Way More Than Hair

I remember when I was younger I grew my hair out. It wasn’t nearly the height or volume that you would equate to an Afro but it was far higher than I’ve ever had it before in my life. I remember that I couldn’t brush it into shape and only a pretty good sized comb could go through it. I didn’t think much of it until one day my Dad had a discussion about some things he noticed about me.

I’ll never forget what he did that day. He reached into his back pocket and pulled out his wallet. He then pulled out a ten dollar bill and handed it to me. “Son, you need a haircut,” he plainly said. The message was clear that what I was growing on top of my head was not of his approval or liking.

I went to the barber shop the next day.

I thought about that moment in my life with all the noise going on around Michael Vick’s comments about Colin Kaepernick. Vick made a comment on Fox Sports One’s Speak For Yourself about what actions Kaepernick needed to take to get back into the NFL.

Vick suggested he needed to cut his hair.

The venom and anger that blazed through social media was swift and vicious. One would’ve thought Vick had returned to running another dog-fighting kennel.

I remember a lady at my church once told me, “You can disagree without being disagreeable.” Social media and other talk-show hosts carried the opposite belief. Calls of “coon” and “sellout” along with references of Uncle Tom and the Stockholm Syndrome popped up everywhere and within 48 hours, Michael Vick was apologizing to the pitchforks.

Never mind Vick had said numerous times that Kaepernick was a good person, that he hoped he would get another chance to play in the NFL, and that he was rooting for him. Never mind that he also said that the taking of a knee during the National Anthem or his stance against police brutality were not the reasons he was unemployed but his actual play over the past two seasons played a bigger role.

We are a land of short attention spans and we jump to conclusions faster that one can blink an eye. All people heard was, “Cut his hair” and they pounced.

As it has been well documented, Michael Vick wore cornrows while being the quarterback and the face of the franchise for the Atlanta Falcons. He made a decision for himself to cut them during his time of incarceration and before his bid to re-enter the league. I believe he spoke from his own experiences in giving the opinion he did.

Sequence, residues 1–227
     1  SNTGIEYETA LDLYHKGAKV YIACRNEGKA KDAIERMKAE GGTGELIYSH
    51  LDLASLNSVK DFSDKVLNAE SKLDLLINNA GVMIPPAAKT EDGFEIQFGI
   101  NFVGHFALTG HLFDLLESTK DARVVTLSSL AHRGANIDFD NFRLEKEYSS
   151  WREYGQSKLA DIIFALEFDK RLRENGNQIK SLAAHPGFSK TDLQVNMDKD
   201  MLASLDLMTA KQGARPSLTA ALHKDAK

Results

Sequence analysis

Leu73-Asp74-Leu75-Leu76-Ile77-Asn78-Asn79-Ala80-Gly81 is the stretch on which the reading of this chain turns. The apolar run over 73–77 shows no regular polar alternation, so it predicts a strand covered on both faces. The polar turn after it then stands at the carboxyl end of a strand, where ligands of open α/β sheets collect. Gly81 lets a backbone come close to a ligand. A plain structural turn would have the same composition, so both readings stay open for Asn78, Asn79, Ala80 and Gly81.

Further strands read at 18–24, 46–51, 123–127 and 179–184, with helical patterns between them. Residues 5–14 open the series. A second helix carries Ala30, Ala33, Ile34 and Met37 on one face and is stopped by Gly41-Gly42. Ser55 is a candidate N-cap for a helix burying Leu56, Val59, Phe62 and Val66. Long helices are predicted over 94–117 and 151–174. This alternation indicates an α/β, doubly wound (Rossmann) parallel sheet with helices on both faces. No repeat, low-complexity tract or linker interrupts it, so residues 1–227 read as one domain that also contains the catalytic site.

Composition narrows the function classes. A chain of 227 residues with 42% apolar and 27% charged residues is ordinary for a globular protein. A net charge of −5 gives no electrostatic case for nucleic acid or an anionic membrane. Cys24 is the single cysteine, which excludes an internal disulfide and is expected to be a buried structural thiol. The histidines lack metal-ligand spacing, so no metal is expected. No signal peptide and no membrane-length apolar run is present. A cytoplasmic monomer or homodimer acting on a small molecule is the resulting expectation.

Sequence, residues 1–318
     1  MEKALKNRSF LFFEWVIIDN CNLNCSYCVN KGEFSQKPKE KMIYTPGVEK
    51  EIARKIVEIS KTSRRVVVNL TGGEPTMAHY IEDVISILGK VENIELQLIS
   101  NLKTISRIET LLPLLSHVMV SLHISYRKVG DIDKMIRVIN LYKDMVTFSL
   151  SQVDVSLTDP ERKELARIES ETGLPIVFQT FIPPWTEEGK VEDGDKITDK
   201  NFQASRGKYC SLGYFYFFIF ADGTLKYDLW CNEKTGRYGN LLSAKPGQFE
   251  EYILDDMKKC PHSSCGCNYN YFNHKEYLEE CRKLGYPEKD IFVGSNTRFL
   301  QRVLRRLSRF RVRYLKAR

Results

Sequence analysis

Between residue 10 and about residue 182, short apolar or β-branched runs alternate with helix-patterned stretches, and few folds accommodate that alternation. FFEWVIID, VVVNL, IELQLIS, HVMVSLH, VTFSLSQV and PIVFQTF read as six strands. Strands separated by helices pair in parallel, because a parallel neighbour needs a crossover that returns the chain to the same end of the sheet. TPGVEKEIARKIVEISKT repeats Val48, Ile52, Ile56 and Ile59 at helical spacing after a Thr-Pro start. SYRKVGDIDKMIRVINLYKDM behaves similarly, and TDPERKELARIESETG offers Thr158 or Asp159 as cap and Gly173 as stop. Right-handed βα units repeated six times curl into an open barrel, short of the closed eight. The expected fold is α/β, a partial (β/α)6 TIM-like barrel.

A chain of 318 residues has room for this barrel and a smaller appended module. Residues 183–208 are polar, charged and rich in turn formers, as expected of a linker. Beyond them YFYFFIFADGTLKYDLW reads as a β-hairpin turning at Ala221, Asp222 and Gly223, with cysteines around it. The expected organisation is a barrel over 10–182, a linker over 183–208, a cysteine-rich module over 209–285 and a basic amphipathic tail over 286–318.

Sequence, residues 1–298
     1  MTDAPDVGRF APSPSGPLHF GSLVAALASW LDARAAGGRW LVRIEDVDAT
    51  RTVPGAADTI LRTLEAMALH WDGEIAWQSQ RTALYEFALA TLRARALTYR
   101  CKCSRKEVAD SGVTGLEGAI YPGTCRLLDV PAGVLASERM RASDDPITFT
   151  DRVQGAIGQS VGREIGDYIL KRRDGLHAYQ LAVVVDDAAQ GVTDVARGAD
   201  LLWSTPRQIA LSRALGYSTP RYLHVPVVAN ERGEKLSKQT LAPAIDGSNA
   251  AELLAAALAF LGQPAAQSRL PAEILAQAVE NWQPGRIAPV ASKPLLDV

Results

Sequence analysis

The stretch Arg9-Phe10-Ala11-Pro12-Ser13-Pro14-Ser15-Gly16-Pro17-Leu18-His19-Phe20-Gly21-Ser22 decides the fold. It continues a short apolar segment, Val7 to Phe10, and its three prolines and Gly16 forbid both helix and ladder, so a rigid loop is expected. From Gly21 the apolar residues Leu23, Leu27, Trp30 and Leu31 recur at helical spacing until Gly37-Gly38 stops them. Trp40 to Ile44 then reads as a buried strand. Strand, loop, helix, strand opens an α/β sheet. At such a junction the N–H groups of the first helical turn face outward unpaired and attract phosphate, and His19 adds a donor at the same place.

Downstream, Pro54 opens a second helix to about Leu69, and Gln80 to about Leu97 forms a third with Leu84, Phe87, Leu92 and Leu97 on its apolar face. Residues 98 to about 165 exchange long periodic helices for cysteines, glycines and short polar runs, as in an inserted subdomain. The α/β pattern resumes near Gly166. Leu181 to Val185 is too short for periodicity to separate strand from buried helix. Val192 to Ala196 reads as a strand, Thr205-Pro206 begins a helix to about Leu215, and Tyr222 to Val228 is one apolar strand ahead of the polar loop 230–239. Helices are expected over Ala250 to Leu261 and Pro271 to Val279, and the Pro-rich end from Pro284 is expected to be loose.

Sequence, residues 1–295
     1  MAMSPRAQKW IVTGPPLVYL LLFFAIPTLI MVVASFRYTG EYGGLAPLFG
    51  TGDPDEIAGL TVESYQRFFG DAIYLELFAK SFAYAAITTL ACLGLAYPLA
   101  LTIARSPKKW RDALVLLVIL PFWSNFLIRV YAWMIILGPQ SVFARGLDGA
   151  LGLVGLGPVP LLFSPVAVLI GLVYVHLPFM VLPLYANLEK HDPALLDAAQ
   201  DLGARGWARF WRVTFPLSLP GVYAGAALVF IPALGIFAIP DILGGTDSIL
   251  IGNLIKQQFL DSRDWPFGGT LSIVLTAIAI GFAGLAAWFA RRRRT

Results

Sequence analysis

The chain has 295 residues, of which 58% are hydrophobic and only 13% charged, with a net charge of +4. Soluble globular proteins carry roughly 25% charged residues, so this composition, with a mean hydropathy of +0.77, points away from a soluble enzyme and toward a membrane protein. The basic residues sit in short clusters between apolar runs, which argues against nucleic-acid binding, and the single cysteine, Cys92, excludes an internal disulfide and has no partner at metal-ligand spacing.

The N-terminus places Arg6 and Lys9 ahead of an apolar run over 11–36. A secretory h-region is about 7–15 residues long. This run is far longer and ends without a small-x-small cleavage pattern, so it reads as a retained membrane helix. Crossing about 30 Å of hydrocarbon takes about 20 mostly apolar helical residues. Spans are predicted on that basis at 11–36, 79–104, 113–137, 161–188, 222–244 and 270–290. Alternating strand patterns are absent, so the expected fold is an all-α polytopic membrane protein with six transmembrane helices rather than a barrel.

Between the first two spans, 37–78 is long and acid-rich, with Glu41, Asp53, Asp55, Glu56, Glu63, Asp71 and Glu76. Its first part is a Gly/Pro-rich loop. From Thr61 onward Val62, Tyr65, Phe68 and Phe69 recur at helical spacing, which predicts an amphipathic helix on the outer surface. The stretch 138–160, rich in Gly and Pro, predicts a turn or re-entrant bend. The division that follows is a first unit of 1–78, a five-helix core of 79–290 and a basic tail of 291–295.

An opinion. That’s all it was. And any person has two choices when dealing an opinion.

Take it or leave it.

But there’s a bigger issue that few are talking about. Colin Kaepernick has lost control of his own narrative. He has allowed too many other people to speak for him and about him.

Ironically, I was in the barber shop just today talking about this subject with a neighborhood friend of mine. After he spoke on forever about how Vick was wrong to tell Kaepernick to cut his hair, I told him Kaepernick’s biggest problem wasn’t that. It was he hasn’t said anything on his own behalf. If he would’ve gone on somebody’s program and done an interview things may be a bit different. He could’ve sat down with his Afro, his “I Know My Rights” T-shirt, jeans, and sneakers and articulated, in his own words, what he was doing and where he stood. Instead of posting activist slogans, he should’ve posted Instagram videos of him throwing a football.

After hearing me out, my friend agreed with me.

As the saying goes, “A closed mouth don’t get fed.” Colin Kaepernick needs to speak for himself. No tweets, no Instagram, no e-mails. We need to see his face, hear him talk about what’s important to him and what he wants to do next. I’m pretty sure the NFL is a place he wants to be. But there’s something more important.

He’s telling his narrative his way.

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